Empathic Listening and Building Trust

Empathic Listening and Building Trust
Walter Wisniewski, CFP®

Walter Wisniewski, CFP®

The Greek witch-goddess Circe gave her son Telegonus a poisoned spear to protect him on his journey to find his father Odysseus. When Telegonus finally found Odysseus he inadvertently killed his father with the magic weapon. This is similar to some of the consequences we may inadvertently incur when we try to administer well-meaning advice to someone who is coming to us for help or guidance.

I recently had this experience with a new client who came to us to discuss the challenges she faced with her finances. She was recently widowed and under an enormous amount of stress concerning her investments because her husband had handled all the family’s money. When she entered the conference room she appeared very nervous. We tried to set her at ease by playing soft music as we usually do when meeting with all our clients. We curiously watched her open her carton of statements and documents. Many of her documents were out of order and looked as if they had been filed haphazardly inside a wastepaper basket! Even before she spoke, her eyes reflected a plethora of misfit investment information, peppered with the sad assurances that her husband had instilled in her before he had suddenly passed away.

I recognized her fears at once. They were the same predators that chased numerous widows and divorced men and women suffering from the loneliness and isolation of having to make decisions without a significant other. Before I started to speak, I suddenly became aware of the need to be silent and listen to her story. I realized this meeting wasn’t about me at all. She was frightened and concerned. The darting movement of her eyes across the statements she handed me told the story. I sensed that what she needed most at this present time was for someone to listen to what her “feelings” were saying and not what was contained on the statements. Also, it was obvious to me that the answers she was seeking were not to be discovered in financial planning advice but rather in having an opportunity to face her fears and learn to trust someone else enough to help her. The questions she asked could only be answered in the quiet gaze of our eyes and the opening of our hearts as we listened, attentively. Helping her realize that she was in a safe place and that the people with her wanted to help were our first and foremost concerns.

As the meeting progressed, Allie and I listened carefully. As her words poured out I thought about the most important relationships in my own life and the trust that developed from them. Those I appreciated most were the ones where people listened to me. Recall for a moment the relationships in your own life. They may have been with a loving friend or parent. I think you would agree that the most important aspect of that relationship was feeling acknowledged, accepted and respected. Conversely, those relationships which were mired in doubt, where the presence of respect and acceptance was non-existent, were difficult.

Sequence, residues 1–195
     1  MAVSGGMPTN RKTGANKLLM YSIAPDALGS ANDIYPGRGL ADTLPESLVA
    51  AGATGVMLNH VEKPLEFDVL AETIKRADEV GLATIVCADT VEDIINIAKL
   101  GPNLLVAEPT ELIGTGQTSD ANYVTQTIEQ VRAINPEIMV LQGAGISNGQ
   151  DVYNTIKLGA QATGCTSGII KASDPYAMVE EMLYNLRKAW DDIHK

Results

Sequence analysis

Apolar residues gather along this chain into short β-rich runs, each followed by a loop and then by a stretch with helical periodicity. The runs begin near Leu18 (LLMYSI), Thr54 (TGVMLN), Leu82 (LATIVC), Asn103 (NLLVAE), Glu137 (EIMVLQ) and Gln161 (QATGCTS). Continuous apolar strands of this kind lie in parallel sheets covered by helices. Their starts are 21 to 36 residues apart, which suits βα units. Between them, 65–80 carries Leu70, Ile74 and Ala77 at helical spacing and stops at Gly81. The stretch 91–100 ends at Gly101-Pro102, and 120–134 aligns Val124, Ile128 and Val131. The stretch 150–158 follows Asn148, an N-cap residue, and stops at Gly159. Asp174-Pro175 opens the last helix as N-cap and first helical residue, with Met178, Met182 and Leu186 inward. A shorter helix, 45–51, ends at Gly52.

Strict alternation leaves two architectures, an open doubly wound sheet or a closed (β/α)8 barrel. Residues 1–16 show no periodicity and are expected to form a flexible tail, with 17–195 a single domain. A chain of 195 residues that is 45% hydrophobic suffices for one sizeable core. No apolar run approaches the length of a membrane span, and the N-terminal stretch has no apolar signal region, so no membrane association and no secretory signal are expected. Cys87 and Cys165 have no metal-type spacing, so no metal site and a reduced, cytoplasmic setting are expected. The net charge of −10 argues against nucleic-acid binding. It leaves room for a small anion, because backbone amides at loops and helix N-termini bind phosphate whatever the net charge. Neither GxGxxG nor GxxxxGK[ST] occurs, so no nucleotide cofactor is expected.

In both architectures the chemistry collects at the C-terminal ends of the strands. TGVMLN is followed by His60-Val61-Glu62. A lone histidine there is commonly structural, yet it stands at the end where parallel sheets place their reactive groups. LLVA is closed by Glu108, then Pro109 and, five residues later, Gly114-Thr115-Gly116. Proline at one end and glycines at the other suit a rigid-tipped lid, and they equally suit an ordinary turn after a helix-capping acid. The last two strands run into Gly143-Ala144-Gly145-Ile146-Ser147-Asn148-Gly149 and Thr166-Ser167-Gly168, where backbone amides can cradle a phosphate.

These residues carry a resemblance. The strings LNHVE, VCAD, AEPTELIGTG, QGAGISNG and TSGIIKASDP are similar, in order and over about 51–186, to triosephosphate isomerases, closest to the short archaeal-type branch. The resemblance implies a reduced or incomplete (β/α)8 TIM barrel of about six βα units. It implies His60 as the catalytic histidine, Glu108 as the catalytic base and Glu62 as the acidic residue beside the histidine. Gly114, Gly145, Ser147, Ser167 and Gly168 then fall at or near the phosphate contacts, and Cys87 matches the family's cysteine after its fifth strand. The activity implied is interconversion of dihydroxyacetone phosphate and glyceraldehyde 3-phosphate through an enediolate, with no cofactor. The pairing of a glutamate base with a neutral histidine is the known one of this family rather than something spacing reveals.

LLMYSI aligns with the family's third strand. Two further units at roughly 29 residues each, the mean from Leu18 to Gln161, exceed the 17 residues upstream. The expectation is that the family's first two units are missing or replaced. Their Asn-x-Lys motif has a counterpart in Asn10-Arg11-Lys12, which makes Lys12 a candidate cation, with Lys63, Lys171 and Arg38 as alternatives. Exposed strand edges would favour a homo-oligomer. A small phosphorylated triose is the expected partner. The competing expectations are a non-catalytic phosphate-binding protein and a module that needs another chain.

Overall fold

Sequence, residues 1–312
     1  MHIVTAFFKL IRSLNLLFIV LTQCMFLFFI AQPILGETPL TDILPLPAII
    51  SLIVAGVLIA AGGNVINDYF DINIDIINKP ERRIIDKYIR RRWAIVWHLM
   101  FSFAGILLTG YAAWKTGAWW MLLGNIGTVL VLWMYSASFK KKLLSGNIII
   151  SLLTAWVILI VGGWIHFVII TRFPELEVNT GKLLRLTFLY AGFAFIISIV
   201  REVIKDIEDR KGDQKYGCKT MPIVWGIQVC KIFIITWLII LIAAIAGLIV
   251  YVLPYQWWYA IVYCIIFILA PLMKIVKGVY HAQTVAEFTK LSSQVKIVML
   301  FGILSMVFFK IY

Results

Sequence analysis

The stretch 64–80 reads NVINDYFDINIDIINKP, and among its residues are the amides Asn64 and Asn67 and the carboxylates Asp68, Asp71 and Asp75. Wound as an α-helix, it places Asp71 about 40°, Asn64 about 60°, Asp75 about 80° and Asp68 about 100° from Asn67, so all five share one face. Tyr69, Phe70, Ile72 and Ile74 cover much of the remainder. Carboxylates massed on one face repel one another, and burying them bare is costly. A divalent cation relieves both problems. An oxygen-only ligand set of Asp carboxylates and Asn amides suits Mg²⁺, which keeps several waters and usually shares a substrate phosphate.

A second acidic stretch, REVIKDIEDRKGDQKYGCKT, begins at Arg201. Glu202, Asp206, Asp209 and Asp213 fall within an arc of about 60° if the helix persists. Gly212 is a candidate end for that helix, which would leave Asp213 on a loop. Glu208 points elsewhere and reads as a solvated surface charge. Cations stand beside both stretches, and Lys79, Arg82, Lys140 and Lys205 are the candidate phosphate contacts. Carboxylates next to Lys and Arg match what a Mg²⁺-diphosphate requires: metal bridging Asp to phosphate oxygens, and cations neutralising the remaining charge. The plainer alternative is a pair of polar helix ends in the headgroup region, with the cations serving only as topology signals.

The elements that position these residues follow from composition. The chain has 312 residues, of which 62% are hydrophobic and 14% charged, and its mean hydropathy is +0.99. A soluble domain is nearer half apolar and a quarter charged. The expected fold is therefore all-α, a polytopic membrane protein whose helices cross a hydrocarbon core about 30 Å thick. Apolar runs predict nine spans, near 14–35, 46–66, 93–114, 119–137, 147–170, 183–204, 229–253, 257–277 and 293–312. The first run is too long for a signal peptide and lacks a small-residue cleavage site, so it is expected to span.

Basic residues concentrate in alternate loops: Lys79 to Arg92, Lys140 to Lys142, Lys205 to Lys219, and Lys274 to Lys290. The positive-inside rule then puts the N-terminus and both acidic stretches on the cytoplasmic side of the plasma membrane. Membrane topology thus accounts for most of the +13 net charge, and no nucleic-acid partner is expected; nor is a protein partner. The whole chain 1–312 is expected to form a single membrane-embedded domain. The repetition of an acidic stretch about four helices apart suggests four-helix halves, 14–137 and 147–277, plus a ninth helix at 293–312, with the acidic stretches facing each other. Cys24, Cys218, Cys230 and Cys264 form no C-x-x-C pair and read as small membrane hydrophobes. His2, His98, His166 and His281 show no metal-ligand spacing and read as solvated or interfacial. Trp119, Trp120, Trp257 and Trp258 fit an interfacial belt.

During the meeting, we learned that Sharon’s marriage had not been a good one. Her husband did not respect her opinions and made her feel inadequate when discussing their finances. He paid all the bills and maintained secret accounts which she knew nothing about. They had little in common with each other outside of the children.

It occurred to me that in order for us to build a foundation of trust it would be necessary to actively become engaged in deep empathic listening and understand life from her perspective. In her wonderful book Conversational Intelligence author Judith Glaser states, “By learning to see the world from another’s perspective, we can attain the highest level of trust.”

There are three rules that will assist us in building a foundation of trust:
1. Take the time to listen empathically.
2. Avoid listening with the intent to reply.
3. People don’t want solutions they want to be heard.
4. View life through another’s perspective.

After several meetings, Sharon began to feel more secure about her financial future. After building a relationship of trust with her she felt more empowered to drop her fears surrounding money. And similar to Circe sometimes actions which we believe to be well-meaning and helpful for another can actually be a hindrance for creating a foundation of trust.

Past performance is no guarantee of future returns. Investing involves risk and possible loss of principal capital. Information provided in this blog is for educational purposes only and is not intended to be, and you should not consider anything to be, investment, accounting, tax or legal advice. If you would like investment, accounting, tax or legal advice, you should consult with own financial advisors, accountants, or attorneys regarding your individual circumstances as needed. No advice may be rendered by Arcadia unless a client service agreement is in place. All information is believed to be from reliable sources; however, we make no representation as to its completeness or accuracy. Opinions expressed are subject to change without notice and are not intended as investment advice or to predict future performance.

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